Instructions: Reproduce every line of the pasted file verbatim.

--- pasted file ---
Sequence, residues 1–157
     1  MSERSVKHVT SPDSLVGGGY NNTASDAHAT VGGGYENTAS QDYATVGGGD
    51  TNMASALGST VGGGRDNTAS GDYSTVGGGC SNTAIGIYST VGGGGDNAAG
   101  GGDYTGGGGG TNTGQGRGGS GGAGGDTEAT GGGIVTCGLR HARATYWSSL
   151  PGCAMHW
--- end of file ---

Sequence, residues 1–157
     1  MSERSVKHVT SPDSLVGGGY NNTASDAHAT VGGGYENTAS QDYATVGGGD
    51  TNMASALGST VGGGRDNTAS GDYSTVGGGC SNTAIGIYST VGGGGDNAAG
   101  GGDYTGGGGG TNTGQGRGGS GGAGGDTEAT GGGIVTCGLR HARATYWSSL
   151  PGCAMHW